The Modern System of Diplomacy and Practices: What’s The Role of Liberia?

By: Josephus Moses Gray/Email: graymoses@yahoo.com/

J. Moses Gray

The landscape of contemporary diplomacy in terms of practice may have lost some of its image of exceptional ingredients, in the sense that it has to compete and interact with a much wider dynamic of the international system, conduct itself in a more time-sensitive manner, and be applied with a greater technical orientation and  to a far greater extent than in the past, diplomacy is wrapped up with domestic policy-making and political demands about governance across an extended spectrum of issue areas.

The practices have changed from the old practices to a contemporary system; beginning with the advancement of technology and education that makes it imperative to adapt to the many demands evolving from introduction an advanced hi-tech communications and continuing transformations of the international system.

The revolutionary changes in the nature of relations between sovereign states and even non-state actors have changed the responsibilities of today’s diplomacy which is basically that of mediation and communication of international issues between countries, international system and the public.

The development of instant communications and the advance of science and technology have increased the depth and scope of diplomacy in this contemporary world of civilization, especially with globalization and the emergence of new and powerful states on the world stage, the proliferation of nuclear weapons, conflict resolution, terrorism and bad governance. The necessity for a well formulated dialogue in a modern world when relative certainties of a bipolar state system have given way to a disorderly, confused multi-polarity is witnessed by the distracted pace of contemporary diplomatic activities.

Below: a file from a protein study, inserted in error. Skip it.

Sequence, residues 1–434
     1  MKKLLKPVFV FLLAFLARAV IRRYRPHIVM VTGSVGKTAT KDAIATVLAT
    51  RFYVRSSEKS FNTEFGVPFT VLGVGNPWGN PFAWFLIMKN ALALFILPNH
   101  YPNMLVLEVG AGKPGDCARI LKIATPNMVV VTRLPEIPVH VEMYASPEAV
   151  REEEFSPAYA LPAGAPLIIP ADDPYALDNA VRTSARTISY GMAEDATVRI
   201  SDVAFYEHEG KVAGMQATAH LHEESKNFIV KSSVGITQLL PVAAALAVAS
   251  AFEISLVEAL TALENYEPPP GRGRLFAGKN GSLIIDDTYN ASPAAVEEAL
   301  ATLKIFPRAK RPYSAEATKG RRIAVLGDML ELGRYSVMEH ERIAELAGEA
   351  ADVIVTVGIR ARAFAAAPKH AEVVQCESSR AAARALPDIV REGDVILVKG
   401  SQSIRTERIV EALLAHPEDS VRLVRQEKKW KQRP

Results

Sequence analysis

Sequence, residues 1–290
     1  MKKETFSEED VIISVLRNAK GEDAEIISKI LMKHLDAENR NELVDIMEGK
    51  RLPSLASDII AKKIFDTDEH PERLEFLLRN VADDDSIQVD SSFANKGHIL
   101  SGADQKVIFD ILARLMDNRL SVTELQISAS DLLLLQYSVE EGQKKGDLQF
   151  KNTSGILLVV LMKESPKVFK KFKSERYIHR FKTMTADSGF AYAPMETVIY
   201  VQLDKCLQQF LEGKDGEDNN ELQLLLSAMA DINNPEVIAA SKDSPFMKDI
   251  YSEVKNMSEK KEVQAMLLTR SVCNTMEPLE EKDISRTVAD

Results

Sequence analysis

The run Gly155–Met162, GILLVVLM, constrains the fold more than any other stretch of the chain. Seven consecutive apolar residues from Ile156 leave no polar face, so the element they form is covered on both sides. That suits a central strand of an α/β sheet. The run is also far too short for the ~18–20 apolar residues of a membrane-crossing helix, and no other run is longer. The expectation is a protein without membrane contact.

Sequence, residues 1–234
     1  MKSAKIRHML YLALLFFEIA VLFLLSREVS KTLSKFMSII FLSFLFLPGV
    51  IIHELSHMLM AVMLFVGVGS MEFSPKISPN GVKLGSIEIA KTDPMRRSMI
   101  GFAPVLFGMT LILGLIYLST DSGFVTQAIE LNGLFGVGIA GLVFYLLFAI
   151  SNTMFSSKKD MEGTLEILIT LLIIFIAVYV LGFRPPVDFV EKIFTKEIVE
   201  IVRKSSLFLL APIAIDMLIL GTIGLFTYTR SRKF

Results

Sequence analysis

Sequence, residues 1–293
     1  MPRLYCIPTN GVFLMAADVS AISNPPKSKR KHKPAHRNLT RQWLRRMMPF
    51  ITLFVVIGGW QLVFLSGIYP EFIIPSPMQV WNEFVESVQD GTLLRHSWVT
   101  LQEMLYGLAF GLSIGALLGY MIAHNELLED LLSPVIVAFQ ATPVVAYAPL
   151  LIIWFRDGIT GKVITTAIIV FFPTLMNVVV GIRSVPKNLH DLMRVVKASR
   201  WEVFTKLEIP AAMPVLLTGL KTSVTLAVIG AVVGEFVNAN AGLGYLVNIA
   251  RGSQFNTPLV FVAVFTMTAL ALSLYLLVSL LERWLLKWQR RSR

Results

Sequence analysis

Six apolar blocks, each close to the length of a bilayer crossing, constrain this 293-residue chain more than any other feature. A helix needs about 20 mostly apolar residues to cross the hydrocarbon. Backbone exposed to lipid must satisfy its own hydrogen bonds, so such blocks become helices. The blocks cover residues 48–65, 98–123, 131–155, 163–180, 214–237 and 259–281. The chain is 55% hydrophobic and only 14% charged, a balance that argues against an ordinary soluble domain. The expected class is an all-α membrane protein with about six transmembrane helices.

In the words of Richard Rosecrance, Adjunct Professor of Public Policy at the Harvard Kennedy School, in the extended sense, diplomatic techniques have undergone considerable metamorphosis since the eighteenth century. In his book titled: The Rise of the Trading State”,  Professor Rosecrance propounded that the extensive use of propaganda, subversion on a wide scale, and the manipulation of national economic instruments for foreign policy purposes have greatly enlarged the range of multilateral dealings on the world scene.

Former U.S. Secretary of State, Madeleine K. Albright in her esteemed publication: New American Diplomacy,(2000), pinpointed that  Diplomacy is the art and practice of negotiation between nations, conducted mostly through private conversations and the exchange of confidential documents. According to her, Foreign Ministers and ambassadors use public statements and news conferences to explain their policies, seek support for their governments, and put pressure on other countries in the negotiations of a specify situation.

A former American Secretary of State, Dr. Henry Kissinger in his thoughtful new book: New Order: Explained that practically, new actors on the international scene are increasingly using practices employed by states with the aim of furthering their interests in the international arena and putting new issues on the global agenda.

In the words of Warren Christopher, diplomat is a crisis manager and must possess: A good knowledge of international relations, a good understanding of how international relations function between states, should be well informed, smart, bridge and possess the ingredients of contemporary diplomatic know how and the aspirations in negotiating, great moral and intellectual sensitivity, imagination and courage, the ability to make parties feel convincing and grateful for successful negotiation.

For the former Senior Ambassador At Large of Liberia, Carlton Karpeh (2010) diplomat presents his or her government policies to the foreign country in a persuasive and persuading tone, not a demanding one, as such, a diplomat always represents the interest of the nation but at the same time cannot ignore the public opinion on national and international issues that go beyond defined borders.